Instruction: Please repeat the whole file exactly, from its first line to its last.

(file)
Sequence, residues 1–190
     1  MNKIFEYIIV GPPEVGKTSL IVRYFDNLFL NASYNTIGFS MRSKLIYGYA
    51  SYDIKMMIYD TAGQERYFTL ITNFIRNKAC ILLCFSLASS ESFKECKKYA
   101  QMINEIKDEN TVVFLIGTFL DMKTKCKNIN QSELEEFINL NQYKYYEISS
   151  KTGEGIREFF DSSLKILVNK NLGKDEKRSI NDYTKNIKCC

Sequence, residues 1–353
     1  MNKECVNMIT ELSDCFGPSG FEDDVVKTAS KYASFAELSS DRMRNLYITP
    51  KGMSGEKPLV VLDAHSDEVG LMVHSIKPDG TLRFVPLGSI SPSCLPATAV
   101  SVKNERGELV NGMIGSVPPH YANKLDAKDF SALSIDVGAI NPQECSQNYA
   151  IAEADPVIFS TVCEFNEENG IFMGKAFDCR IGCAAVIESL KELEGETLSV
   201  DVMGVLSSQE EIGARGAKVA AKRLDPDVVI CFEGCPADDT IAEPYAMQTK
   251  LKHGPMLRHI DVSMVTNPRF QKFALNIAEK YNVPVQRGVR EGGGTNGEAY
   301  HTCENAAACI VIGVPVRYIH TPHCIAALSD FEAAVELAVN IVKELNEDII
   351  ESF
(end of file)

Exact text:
Sequence, residues 1–190
     1  MNKIFEYIIV GPPEVGKTSL IVRYFDNLFL NASYNTIGFS MRSKLIYGYA
    51  SYDIKMMIYD TAGQERYFTL ITNFIRNKAC ILLCFSLASS ESFKECKKYA
   101  QMINEIKDEN TVVFLIGTFL DMKTKCKNIN QSELEEFINL NQYKYYEISS
   151  KTGEGIREFF DSSLKILVNK NLGKDEKRSI NDYTKNIKCC

Sequence, residues 1–353
     1  MNKECVNMIT ELSDCFGPSG FEDDVVKTAS KYASFAELSS DRMRNLYITP
    51  KGMSGEKPLV VLDAHSDEVG LMVHSIKPDG TLRFVPLGSI SPSCLPATAV
   101  SVKNERGELV NGMIGSVPPH YANKLDAKDF SALSIDVGAI NPQECSQNYA
   151  IAEADPVIFS TVCEFNEENG IFMGKAFDCR IGCAAVIESL KELEGETLSV
   201  DVMGVLSSQE EIGARGAKVA AKRLDPDVVI CFEGCPADDT IAEPYAMQTK
   251  LKHGPMLRHI DVSMVTNPRF QKFALNIAEK YNVPVQRGVR EGGGTNGEAY
   301  HTCENAAACI VIGVPVRYIH TPHCIAALSD FEAAVELAVN IVKELNEDII
   351  ESF